Microsoft Git Virtual File System

Last week, Microsoft announced Git Virtual File System (GVFS) for Large Git Repositories. GVTS is a solution for users who experience limitations in the Git client, which is unable to handle huge repositories. Since the launch, Microsoft has expanded on the details of GVTS, explaining what problems the solution solves.

In two blog posts, Microsoft’s Brian Harry discusses how GVFS is basically just Git. However, it solves several problems found in the client. Harry also explains how Microsoft has been scaling Git in recent years and how the client is merged with GVFS.

As we mentioned last week, the main problem GVFS solves is handling a large number of files. Git is unable to work well with hundreds of thousands of files within a working set. GVFS remedies this by optimizing operations so that commit is fast and push and pull work comfortably.

Git Virtual File System is able to work with bigger files and faster than Git because it only pulls in content when it is needed:

GVFS takes the “file system beneath your repo and makes it appear as though all the files in your repo are present, but in reality only downloads a file the first time it is opened. GVFS also actively manages how much of the repo Git has to consider in operations like checkout and status, since any file that has not been hydrated can be safely ignored.”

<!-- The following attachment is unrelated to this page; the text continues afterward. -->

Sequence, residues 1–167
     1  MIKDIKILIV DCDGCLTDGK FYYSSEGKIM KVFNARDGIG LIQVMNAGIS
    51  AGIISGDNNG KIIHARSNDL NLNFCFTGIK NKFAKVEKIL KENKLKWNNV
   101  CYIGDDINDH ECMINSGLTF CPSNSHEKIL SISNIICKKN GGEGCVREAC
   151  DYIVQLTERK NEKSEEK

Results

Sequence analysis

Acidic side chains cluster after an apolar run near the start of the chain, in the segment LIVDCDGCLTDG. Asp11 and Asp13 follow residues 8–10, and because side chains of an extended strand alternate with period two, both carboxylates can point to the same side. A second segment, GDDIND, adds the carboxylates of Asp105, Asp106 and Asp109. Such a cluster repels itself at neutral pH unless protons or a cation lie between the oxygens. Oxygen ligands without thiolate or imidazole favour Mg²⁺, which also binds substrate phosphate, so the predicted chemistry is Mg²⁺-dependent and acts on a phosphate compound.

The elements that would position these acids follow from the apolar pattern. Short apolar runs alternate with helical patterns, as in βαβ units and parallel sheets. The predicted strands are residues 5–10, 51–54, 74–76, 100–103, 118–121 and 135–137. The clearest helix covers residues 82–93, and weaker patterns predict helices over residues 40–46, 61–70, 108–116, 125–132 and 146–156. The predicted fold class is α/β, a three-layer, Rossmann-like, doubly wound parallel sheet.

Expanding on this theme, Harry says GVFS is also adept at handling bigger files. Git struggled with big binary files and would slow down under the load. The new service only pulls files when they are needed, allowing for bigger files to be managed.

Similarly, GVFS solves an issue where Git would be stumped by the multiplication of lots of files. Lots of history and binary files would result in a .git directory that was too big and unmanageable. GVFS will only pull down files when they are needed, making management easier, smaller, and faster.

Harry also explains how the service helps manage large number so users in two ways:

Lots of branches – Users of Git create branches pretty prolifically.  It’s not uncommon for an engineer to build up ~20 branches over time and multiply 20 by, say 5000 engineers and that’s 100,000 branches.  Git just won’t be usable.  To solve this, we built a feature we call “limited refs” into our Git service (Team Services and TFS) that will cause the service to pretend that only the branches “you care about” are projected to your Git client.  You can favorite the branches you want and Git will be happy.

Lots of pushes – Lots of people means lots of code flowing into the server.  Git has critical serialization points that will cause a queue to back up badly.  Again, we did a bunch of work on our servers to handle the serialized index file updates in a way that causes very little contention.

GVFS is Git

Harry points out that Git Virtual File System is just Git. All the repos are the same as Git, while protocols are also the same. Indeed, Microsoft says if users are happy with their current Git repo performance then there is no need to adopt GVFS. However, if Git repos are too big or you need to manage bigger files, then GVFS is the solution.